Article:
The other day I read this quote in Anne Lamott’s new book Dusk, Night, Dawn: “…the movement of grace in our lives so often begins with desperation and blurt.”  After I stopped laughing I realized it was a perfect way to recap 2021. Grace continues to...

After the last presidential election the internet went wild, creating a polarity that damaged friendships, split families, and even destroyed marriages. For many people it was disturbing but for people like me, someone that worked in social media all day long, it was nothing short of traumatic.   Every day I had to sift through the growing stream of virtual sound bites to find good curation sources. Every day I saw both sides of the argument get stronger and stronger, and frankly it drained me. Three months after the election I had to go entirely off the grid for four days. I realized my mind had become polluted. I was chronically tired, angry, sad, stressed and experiencing a lot of other emotions at the same time. I had to come up with a way to manage my time online that didn’t damage my energy and my emotional wellbeing. Literally, I had to find a way to clear the fog in my head. As we protect ourselves against the virus, many friends are home spending a lot more time in social media - and their minds are becoming polluted as well. It doesn’t matter if you’re right or left – the techniques used by today’s influencers (many of them either trained by Steve Bannon or copying his methods, bless his black little heart) are being used not just to influence us but more importantly - to make us angry enough to do something.  Are you feeling overly fatigued, angry, frustrated? It might not just be the quarantine. Here are few ways I handle mind pollution that might help you as well.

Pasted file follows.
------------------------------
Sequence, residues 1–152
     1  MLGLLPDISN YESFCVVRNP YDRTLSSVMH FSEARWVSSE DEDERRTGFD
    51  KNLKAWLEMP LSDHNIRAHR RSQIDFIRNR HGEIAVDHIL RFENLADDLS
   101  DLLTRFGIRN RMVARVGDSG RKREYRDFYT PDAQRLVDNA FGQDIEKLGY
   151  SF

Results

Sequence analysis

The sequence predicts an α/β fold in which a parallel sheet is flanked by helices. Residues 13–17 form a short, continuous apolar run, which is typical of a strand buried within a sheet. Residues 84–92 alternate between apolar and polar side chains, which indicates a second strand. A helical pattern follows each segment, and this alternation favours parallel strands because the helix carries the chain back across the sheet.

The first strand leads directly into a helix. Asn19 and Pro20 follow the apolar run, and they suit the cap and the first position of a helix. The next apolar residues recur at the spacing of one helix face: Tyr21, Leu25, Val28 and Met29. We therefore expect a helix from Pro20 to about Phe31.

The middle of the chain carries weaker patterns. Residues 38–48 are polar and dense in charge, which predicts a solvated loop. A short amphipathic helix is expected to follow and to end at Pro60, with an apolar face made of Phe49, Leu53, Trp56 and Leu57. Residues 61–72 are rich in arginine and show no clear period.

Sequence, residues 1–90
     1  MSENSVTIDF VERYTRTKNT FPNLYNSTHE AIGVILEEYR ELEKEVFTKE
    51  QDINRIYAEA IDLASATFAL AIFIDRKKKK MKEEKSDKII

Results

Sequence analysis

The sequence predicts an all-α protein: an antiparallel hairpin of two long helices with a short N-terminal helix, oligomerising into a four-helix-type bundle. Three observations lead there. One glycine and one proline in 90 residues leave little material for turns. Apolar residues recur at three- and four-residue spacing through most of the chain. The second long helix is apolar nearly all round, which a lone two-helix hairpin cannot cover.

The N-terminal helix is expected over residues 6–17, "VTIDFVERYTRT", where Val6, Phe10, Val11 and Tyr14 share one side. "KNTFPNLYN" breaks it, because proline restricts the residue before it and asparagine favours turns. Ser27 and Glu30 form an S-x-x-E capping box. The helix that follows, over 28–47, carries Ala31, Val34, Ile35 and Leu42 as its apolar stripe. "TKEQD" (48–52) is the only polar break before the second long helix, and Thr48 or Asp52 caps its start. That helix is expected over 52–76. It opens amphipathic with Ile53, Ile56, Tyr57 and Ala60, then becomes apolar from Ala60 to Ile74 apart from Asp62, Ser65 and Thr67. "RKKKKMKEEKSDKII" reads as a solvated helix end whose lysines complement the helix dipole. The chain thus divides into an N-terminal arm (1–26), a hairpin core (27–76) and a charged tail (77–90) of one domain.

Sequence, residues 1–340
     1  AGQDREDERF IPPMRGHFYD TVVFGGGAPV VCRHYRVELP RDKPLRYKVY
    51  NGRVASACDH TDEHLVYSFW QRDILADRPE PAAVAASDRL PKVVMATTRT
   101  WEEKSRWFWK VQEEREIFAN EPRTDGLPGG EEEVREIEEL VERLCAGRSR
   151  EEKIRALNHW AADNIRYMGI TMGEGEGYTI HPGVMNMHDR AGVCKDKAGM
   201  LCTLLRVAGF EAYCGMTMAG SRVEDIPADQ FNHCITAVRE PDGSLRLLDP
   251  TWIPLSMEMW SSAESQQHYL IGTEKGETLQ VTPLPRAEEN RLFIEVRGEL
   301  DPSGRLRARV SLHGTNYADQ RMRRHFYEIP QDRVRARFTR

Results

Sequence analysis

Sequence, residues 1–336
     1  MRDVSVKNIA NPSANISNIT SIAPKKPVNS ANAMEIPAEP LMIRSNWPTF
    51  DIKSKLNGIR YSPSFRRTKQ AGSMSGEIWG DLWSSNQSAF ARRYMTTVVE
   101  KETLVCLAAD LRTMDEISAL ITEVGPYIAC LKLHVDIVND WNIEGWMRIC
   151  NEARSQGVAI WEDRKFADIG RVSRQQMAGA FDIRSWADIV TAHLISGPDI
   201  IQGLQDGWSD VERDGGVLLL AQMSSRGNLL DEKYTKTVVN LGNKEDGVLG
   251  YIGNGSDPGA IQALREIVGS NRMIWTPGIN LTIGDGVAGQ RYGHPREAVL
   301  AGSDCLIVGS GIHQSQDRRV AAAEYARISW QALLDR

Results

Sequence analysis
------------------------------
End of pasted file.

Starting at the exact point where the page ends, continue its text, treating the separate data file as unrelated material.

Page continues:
• Try to remember that hardly anything you read as a headline or sub-headline is a fact.